Monday, May 01, 2006

Happy Birthday, Nessie!

On this date in 1933, Nessie, the so-called "Loch Ness Monster", was sited for the first time in the modern era.

Now, I am a natural skeptic. I don't believe in Bigfoot or the Yeti, as much I'd love it if they really existed. Nessie, however, is quite real. I have excellent reasons for affirming her existence.

First, I am a Scottish-American. Both my father's family and my mother's family are Scot and, while, there is also some German and a few other things, I have proudly embraced my Highlands heritage. I would never say or do anything to hurt Scotland or its economy, so I'll support the idea that Nessie is real.

Second, Nessie brings to mind a quote by the eminently quotable G.K. Chesterton, a great early 20th century English Catholic writer who was a huge influence on figures such as filmmaker Ingmar Bergman, writers Neil Gaiman and J.R.R. Tolkien, and theologian C.S. Lewis.

Chesterton once said, "Fairy tales are more than true - not because they tell us that dragons exist, but because they tell us that dragons can be beaten."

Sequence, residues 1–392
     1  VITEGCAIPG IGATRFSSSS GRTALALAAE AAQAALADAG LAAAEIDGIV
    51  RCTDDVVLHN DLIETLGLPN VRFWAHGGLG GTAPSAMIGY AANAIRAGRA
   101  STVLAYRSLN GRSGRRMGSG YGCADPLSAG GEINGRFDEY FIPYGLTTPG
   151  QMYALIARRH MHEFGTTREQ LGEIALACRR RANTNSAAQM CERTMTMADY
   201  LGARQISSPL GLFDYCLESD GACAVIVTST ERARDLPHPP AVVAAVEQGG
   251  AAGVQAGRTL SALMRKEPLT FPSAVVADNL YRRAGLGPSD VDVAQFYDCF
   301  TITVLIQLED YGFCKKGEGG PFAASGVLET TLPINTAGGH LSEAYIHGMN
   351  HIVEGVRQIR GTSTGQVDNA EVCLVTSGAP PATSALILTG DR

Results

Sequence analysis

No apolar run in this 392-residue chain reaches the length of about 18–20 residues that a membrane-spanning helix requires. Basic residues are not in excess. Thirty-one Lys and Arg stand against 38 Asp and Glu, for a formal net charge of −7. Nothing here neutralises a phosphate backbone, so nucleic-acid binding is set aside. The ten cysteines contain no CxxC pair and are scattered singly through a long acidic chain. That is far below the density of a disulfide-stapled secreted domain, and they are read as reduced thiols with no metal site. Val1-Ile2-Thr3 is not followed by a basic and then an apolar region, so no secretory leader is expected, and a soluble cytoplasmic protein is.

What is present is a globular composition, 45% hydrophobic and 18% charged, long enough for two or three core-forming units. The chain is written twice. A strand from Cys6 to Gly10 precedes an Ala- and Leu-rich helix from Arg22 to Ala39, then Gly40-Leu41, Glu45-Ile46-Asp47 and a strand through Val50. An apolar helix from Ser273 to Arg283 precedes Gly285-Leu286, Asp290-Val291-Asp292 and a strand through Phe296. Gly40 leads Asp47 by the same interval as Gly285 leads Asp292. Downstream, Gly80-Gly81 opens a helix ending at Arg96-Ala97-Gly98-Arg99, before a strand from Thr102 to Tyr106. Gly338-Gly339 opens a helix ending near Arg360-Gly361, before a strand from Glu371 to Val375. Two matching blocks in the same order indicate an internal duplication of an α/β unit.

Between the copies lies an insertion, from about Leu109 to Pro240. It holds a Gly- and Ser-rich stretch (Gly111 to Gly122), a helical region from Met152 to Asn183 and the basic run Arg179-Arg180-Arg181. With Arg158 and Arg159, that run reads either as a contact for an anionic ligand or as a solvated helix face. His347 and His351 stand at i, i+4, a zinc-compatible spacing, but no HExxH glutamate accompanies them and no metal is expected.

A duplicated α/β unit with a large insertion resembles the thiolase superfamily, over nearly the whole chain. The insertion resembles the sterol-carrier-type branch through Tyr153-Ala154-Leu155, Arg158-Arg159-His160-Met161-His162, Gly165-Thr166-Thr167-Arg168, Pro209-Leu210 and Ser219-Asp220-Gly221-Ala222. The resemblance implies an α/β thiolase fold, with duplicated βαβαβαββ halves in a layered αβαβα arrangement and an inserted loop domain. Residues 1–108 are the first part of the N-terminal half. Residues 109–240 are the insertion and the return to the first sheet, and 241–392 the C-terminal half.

The quote is a reminder to me that Christians need fairy tales...we need wonder...we need magnificent tales of heroes and monsters and the fantastic. Nessie, for me, represents the mystery of creation and the amazement of the unknown. I need these things to remind me of the greatness of God, to remind me that there is still much "out there" that remains unknown, and to remind me that, as in every good fairy tale, good does triumph over evil in the end.


Jan said...

I know this isn't the point of your blog, but I too embrace my Scottish heritage. My parents even chose a community called, "The Royal Highlands", with it's appropriately named streets, when they moved to Florida.

Jeff V said...

I agree that we need wonder, mystery, and amazement. Which is why I believe magic and illusion have a place in helping people visually experience the Bible. I also believe in the existence of Nessie, Santa, and the tooth fairy, as they live in our legends and imaginations. P.S. I'm not Scottish.